Oh, Simple Moonlight!

Photo by Aleksey Kuprikov on Pexels.com

Oh, Simple Moonlight

Oh, simple moonlight. We sure did not get this right.
Beach, maybe, no waves. Brain frothy and so memory filled.
I get the chills of an adolescent with an obsession faced bedroom
whose got views. I do
remember this city when I was so filled with wonder. Willed hunger,
a time when I knew something about my condition,
and I crawled into it’s lap. I had the tit in my mouth
and I was not interested in the milk. I was never
so human as those hours when I was going in circles,
a dog realizing it has a tail for the first time. I could use
a nap just thinking about how bad I needed to lie down.
This city with race issues and gentrification and polluted rivers
that foresaw way back when that their banks would glisten with condos
the middle class could never afford, was broken, and a great unknown,
for a person who could at such a young age already smell himself disappearing.
There was always a hidden knife waiting around a corner.
There was always someone buying someone a drink to take them home.
There was always the rotten teeth of rivers, he never had to see his reflection in,
yet muddy and brown the river wore my eye color.
The marching bands, tailgate parties, the fraternities and sororities
was where everyone longed to be. I guess they never felt
the early sunrise reflecting off of the windows of the high rises
as you walk home passing the homeless begging outside Dunkin Donuts,
the stale smell of cheap beer spilt on a thrift store bought
tavern softball team T-shirt. The buses never on time,
filled with passengers ready to whisper awful things in your ears.
I would not let go of the loss of my breath. I had to hold it in.
It was the feeling the city exuded. A great exhale would one day come,
but when I fell in love with this place it was patrol cars and old parks,
with trails that led to crack or a blowjob from a plumber with a wedding ring.
It smelled of the vomit of loneliness and still in spring lilacs bloomed everywhere.
I had tucked many dreams into the earth,
and the crumbling concrete never made me miss them.
I don’t know if I was too simple to want to try to change the world
or if my world was changing too fast, I was too dizzy to notice it.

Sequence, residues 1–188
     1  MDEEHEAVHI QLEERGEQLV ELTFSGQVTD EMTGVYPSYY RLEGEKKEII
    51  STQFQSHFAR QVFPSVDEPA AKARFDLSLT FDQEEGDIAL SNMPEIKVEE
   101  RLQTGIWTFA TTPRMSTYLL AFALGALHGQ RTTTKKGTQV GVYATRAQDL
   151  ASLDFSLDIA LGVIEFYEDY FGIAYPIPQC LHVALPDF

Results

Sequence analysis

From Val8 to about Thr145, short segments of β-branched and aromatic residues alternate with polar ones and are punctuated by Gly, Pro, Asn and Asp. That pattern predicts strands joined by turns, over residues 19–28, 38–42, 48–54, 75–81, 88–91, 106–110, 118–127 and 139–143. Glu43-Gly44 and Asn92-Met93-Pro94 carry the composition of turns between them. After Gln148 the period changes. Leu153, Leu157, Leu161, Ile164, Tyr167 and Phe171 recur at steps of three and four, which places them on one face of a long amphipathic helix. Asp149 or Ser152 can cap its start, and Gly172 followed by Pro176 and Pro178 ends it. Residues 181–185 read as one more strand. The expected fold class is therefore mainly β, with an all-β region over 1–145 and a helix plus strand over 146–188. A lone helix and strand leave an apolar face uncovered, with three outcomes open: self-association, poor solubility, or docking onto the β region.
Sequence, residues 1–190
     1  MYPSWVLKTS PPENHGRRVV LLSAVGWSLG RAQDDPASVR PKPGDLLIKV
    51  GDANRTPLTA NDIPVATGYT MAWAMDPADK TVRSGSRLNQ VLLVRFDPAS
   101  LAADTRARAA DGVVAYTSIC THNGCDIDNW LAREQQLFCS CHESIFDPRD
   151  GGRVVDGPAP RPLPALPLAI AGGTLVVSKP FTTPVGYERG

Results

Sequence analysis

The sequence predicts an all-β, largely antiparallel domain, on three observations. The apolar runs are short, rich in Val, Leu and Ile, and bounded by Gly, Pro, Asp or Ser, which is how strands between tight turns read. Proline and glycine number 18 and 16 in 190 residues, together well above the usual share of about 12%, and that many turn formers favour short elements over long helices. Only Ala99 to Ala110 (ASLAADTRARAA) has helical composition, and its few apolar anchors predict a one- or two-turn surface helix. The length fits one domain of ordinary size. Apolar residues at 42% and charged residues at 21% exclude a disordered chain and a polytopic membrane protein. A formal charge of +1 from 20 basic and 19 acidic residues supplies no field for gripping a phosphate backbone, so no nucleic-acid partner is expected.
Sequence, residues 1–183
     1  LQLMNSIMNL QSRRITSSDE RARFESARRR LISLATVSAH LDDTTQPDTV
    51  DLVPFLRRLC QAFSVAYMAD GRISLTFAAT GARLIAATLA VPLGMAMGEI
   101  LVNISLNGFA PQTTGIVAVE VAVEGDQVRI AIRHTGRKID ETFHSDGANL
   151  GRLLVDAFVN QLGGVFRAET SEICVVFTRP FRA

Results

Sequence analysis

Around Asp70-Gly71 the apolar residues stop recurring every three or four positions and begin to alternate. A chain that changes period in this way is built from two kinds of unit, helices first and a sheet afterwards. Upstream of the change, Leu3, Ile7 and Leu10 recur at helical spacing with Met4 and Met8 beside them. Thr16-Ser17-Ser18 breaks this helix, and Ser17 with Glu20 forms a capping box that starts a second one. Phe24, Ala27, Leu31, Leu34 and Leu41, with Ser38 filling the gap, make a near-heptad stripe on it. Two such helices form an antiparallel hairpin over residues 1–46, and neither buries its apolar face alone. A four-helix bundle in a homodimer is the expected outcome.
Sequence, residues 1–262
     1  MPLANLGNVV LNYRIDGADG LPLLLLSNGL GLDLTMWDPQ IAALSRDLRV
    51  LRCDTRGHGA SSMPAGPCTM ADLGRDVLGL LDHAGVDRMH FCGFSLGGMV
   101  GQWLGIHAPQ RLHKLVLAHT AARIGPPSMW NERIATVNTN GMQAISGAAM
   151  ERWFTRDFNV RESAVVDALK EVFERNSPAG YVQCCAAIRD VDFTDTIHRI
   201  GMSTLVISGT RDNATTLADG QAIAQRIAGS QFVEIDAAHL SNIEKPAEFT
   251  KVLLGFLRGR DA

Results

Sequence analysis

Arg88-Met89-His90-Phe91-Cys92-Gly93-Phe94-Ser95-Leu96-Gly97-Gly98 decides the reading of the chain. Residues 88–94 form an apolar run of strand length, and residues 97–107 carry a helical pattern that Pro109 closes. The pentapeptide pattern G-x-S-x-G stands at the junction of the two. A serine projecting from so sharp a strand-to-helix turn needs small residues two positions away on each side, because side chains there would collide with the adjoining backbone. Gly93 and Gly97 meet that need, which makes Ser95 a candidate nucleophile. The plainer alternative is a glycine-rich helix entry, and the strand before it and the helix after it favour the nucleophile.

The world was maybe too hot to touch or too cold? Here,
it could have been either. I was the same. Like every house I lived in,
you were either stripping off clothes or sitting with your winter jacket
by your turned on oven trying to get warm. I was in a city
where plastic yard saints were popular, and I had the same hollow divinity.
I knew just like this city, it was a matter of time
before freeways occupied neighborhoods within my parameter.
Innocence is something, I think, sex dreams of having.
In that soft moonlight, I wish I could have just stopped.
Right there.
In the broken concrete, by the murky river, where bodies still surfaced
now and then, just barely making it into the half hour newscast
filled with stories of poverty, violence, and shopping malls vacating downtowns
like leg warmers leaving the eighties.
That moonlight was like a movie projector in the dark theaters we go to,
to be projected an image of romance, to watch our characters change,
to live through the arc of a narrative. Oh moonlight,
we were too hurried. We somehow became the boy who applied at the theater
because he loved movies and became the boy who worked at the movies
because he wanted the girl who sold the refreshments to love and want him.
If we could have just stopped in the chipped concrete by the river,
where something obviously once stood, littered with wrappers and used rubbers,
and no answer to a past, we would have noticed
how the emptiness around us allowed the light to fill places it never could.
How it made that dirty river feel almost pretty.
It was before the river knew light would never hit it that way again.
There’s something magical in being exposed, even if it’s after a demolition.
Maybe we both knew condos would come in the future
and the moon would never be able to touch that river in the same exposed way,
but if we did it’s only because we were starting to imagine things differently.
Looking back, soft moonlight, I should have stopped
and felt how the moon touched the river,
At it’s most vulnerable, a time when it believed nothing
would ever line it’s banks again, open and non conforming,
the brightest that old river would ever shine.
Had I stopped just for a moment, I might have seen the only chance
I would ever have of seeing my reflection in that water.
Oh soft moonlight, we did screw up.
We were so caught up in the dream, we missed a once and a lifetime opportunity.
Now we can only imagine what the water felt for those years,
when vulnerability positioned the light just right
to allow something to be seen in a way it never will know again.

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